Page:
Photo: A grape cane shows cold-damaged tissue (brown) just under the bark.
University experts offer training to help growers deal with damage.
WOOSTER, Ohio -- This is not the type of cold that helps make your favorite ice wine.
The prolonged and extremely frigid temperatures experienced in Ohio earlier this year have destroyed a majority of the crop of popular wine grape varieties grown in the state, according to a survey recently conducted by Ohio State University’s Grape Team.
“Following the extreme minimum low temperatures experienced in January and February across Ohio, many vineyards were affected, and vines sustained extensive bud damage and likely trunk damage depending on the location and the variety grown,” said Imed Dami, associate professor and state viticulturist with the university’s College of Food, Agricultural, and Environmental Sciences.
“This is probably the worst grape damage on record in Ohio, even worse than the last bad one that took place in 1994.”
The survey was completed by 62 grape producers statewide representing 838 acres, 720 of which are occupied by wine grape varieties. The average coldest temperature recorded at these vineyards was -14 degrees F, with an unofficial low of -27 degrees F.
Growers reported 97 percent losses of vinifera (European) grape varieties such as Chardonnay, Cabernet Franc and Riesling, which are the most popular and profitable for wine production but also the most susceptible to cold weather, Dami said.
Hybrid grape varieties such as Vidal Blanc, Chambourcin and Traminette, which are more cold resistant than vinifera, experienced an average crop loss of 57 percent.
Finally, cold-hardy American grape varieties such as Concord and Catawba fared better, with reported losses estimated at 29 percent.
These losses amount to nearly $4 million, according to the survey. Total losses to Ohio grape producers (who also grow juice and table grapes) are much larger, considering that there are some 1,900 acres growing this crop in the state.
While these losses are substantial, Dami said potential damage to grapevine trunks and vine death is more worrisome, as it would impact growers over a longer period of time.
“When you lose the buds to cold, you lose one season’s production,” Dami explained. “With trunk damage, it takes one year to retrain new trunks and another year to resume full production. However, if the whole vine dies, you have to start from scratch, and it will take four years from replanting to have a full crop again.”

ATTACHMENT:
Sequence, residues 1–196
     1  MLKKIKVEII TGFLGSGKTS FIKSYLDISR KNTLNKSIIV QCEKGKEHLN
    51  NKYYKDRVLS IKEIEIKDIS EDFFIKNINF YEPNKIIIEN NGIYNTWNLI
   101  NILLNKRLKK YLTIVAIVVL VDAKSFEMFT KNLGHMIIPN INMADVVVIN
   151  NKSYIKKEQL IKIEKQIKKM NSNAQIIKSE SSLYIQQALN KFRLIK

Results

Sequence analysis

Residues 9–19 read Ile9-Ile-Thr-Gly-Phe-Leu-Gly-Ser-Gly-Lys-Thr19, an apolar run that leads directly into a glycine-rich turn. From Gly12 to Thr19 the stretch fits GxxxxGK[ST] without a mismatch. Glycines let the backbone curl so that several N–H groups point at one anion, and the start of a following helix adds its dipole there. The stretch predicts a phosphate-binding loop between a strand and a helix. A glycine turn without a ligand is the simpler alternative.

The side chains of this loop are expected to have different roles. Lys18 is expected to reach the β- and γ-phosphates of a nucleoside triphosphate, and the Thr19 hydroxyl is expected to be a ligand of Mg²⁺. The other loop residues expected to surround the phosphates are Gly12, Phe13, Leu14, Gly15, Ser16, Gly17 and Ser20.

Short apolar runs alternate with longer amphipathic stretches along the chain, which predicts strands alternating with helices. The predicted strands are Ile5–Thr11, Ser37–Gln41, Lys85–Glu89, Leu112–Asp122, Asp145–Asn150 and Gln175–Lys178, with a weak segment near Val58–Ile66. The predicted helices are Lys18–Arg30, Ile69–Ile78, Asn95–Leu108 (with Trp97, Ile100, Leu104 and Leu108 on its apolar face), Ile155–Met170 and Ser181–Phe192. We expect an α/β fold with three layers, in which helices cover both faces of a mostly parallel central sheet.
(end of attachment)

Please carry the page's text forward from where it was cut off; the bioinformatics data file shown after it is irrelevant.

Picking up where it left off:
The extent of trunk damage and possible vine death can’t be assessed until later in the spring, but based on grower reports Dami estimates it may be around 20 to 30 percent of the state’s grapevines.
Dami said grape crop loss to cold is not uncommon in Ohio and grape growers understand the risks of farming this crop -- especially those producers who grow vinifera varieties, which have become more popular in the past 20 years as the wine industry has substantially expanded in the Buckeye state.
“If you lose a vinifera crop once every 10 years, that’s normal in this industry anywhere in the eastern U.S.,” he said. “Our industry has been fortunate to avoid a catastrophic loss in the past 20 years and has been producing high-quality wines from these varieties. Therefore, the cold events in 2014 should be seen as an exception rather than the rule because the impact of this winter’s polar vortex was more extreme and very different from past cold weather events.”
Dami said several factors made this year’s winter particularly damaging to grapevines. First, the coldest temperatures experienced in the state were frequent as a result of the polar vortex that descended into the United States. Second, extremely low temperatures that can kill buds and trunks usually only last a few minutes, while this year such temperatures lingered for hours, he said.
The most important factor, however, was that vine hardiness became compromised this winter due to warm weather in December that tricked vines into believing spring was coming, which Dami refers to as “de-acclimation.” Additionally, the coldest days of the season were preceded by relatively warm temperatures and basically took the vines by surprise.
“For example, in Wooster we recorded a low temperature of -11 degrees F during the polar vortex event,” Dami said. “The same temperature caused 50 percent bud damage to vinifera varieties in 2009, but this year it lasted much longer, and the day before, the temperature was 45 degrees, leading to nearly 100 percent bud damage. The mild temperature also melted the snow, which eliminated the extra protection it gives to the trunks.”
Additionally, Dami said, the growers who have wind machines that help protect grapevines from extreme cold could not use them this year because of the windy conditions that prevailed during the polar vortex.
To help producers deal with the aftermath of this year’s catastrophic weather, Ohio State’s Grape Team has conducted a series of hands-on workshops that address specific issues related to cold damage, and is planning to conduct more.
Between January and March, nearly 300 growers attended various workshops around the state focused on how to assess winter damage and how to prune affected vines, which according to Dami is different from normal pruning. “Many growers are new to the industry, and the survey showed that nearly half of them hadn’t experienced such weather issues before and didn’t know how to assess or manage cold damage,” he explained.
More training sessions are planned for the summer to teach growers how to manage affected vines, especially those that experienced trunk damage.
The 2014 Grape Winter Damage Survey Report is available by contacting Dami at email@example.com.